Nanette is a comedy special in which the comedian, Hannah Gadsby, tells her story as a lesbian and gender-non-conforming person from Tasmania—a place where until 1997, it was still illegal to be gay and same-sex marriage wasn’t legalized until 2017. The premise of the comedy special is that performing comedy has left her feeling that she has not been telling the full truth of her story—a story that she has long kept silent with her shame. She points out that while she has turned to self-deprecating humor to cope with the trauma she has faced, telling jokes only adds to the hatred that she has internalized since she was a child. While she begins the special on a light-hearted note through joke-telling, the tone dramatically shifts part-way through when she describes her reasoning for needing to quit comedy. She draws in the audience, telling them a heartbreakingly real story about her own shame and self-hatred, the homophobia she has faced from her own family and strangers, and the violence that she has faced from men. The audience for this special is stated explicitly. She says that men, especially cis het while men have a responsibility to change the narrative surrounding what they have been taught about their own gender and to understand their privilege in society.
This comedy special connects to many of the ideas we have talked about in class. In connection to the theme of mythmaking, it is clear that Nannette attempts to retell a story that has so often been silenced. Gadsby recognizes the ways that these stories have been silenced and glossed over and in response, tells her story completely straightforward to the audience with all of the real tension and discomfort that comes with it—no jokes masking the truth to make it easier for the audience to take in. She states at the end of her special “Laughter is not our medicine, stories hold our cure. Laughter is just the honey that sweetens the bitter medicine. I do not want to unite you with laughter or anger, I just needed my story heard, my story felt and understood…” In this statement, Gadsby states a theme that is repeated time and time again in queer media—a desire for queer people’s raw and unaltered stories to be heard. Adrianne Rich’s “Study of History” conveys a similar feeling of frustration and anguish around the silencing of queer stories. She states “all we have never entirely known what was done to you upstream, what powers trepanned which of your channels diverted what rockface leaned to stare in your defenseless face.” Here Rich uses the river as a metaphor to describe the history of violence that queer people have faced. By saying that we will never know “what was done to you upstream,” she is pointing to the history of queer stories being erased, altered, and misunderstood. Both Rich and Gadsby aim to bring attention to this fact and to share their stories no matter how uncomfortable.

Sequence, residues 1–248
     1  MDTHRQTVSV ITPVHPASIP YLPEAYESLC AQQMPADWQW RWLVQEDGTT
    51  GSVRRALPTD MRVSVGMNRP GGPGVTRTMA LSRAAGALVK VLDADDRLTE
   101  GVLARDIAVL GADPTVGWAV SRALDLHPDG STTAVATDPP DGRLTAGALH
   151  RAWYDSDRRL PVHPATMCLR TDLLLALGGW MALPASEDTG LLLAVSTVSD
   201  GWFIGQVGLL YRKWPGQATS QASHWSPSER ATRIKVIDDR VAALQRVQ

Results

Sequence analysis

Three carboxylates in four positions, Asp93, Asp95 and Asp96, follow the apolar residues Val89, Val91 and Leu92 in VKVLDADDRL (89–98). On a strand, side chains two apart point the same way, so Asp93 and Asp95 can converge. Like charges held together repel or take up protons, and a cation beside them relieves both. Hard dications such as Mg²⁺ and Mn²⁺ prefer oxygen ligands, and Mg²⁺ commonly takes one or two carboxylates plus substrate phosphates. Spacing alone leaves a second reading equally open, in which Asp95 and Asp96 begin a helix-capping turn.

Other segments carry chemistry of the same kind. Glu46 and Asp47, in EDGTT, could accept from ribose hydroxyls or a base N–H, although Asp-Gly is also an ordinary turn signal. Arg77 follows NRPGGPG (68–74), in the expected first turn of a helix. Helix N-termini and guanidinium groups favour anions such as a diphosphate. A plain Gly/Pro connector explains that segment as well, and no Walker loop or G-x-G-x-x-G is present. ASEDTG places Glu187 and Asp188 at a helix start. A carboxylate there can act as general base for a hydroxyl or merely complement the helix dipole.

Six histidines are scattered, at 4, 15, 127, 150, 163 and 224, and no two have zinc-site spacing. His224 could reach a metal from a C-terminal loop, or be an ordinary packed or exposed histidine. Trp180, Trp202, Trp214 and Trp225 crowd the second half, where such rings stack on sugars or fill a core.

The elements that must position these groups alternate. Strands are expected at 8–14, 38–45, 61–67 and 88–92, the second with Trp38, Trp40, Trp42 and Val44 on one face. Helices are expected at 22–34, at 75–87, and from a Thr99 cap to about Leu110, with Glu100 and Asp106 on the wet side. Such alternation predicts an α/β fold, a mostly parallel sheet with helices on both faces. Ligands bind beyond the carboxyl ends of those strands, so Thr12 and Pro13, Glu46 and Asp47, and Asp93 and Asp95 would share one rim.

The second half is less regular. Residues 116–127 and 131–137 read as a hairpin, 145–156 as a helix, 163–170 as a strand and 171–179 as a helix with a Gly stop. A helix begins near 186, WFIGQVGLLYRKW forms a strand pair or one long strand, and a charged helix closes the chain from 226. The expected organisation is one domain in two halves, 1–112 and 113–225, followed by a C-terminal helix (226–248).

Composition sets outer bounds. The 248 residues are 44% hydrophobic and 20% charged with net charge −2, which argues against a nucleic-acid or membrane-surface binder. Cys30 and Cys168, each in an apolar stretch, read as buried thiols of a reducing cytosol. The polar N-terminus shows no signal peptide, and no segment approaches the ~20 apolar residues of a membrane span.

One thought on “Nannette and Unmasking Queer Stories”
I’ve never seen Nannette (though now I’m really intrigued!!!), but I really like how you synthesized its themes with “Study of History.” The parallels between the Tazmanian history with queer liberation that you mentioned and that in the United States is incredibly interesting. I feel like we are on a similar timeline — though we didn’t have one official motion to decriminalize homosexual activity in the US, a quick Google just revealed to me that the last of the laws incriminating homosexuality were repealed in 2004. Though we legalized gay marriage a couple years before Tazmania, it really seems like we are living in relatively parallel queer timelines. I’m really curious about the political systems in these two countries differ, for they appear to share similar rhetoric around queerness despite being on opposite sides of the globe. How does this general discomfort with queerness, though gradually changing through the sharing of queer stories (as you said), show up in so many different cultures in such similar ways?
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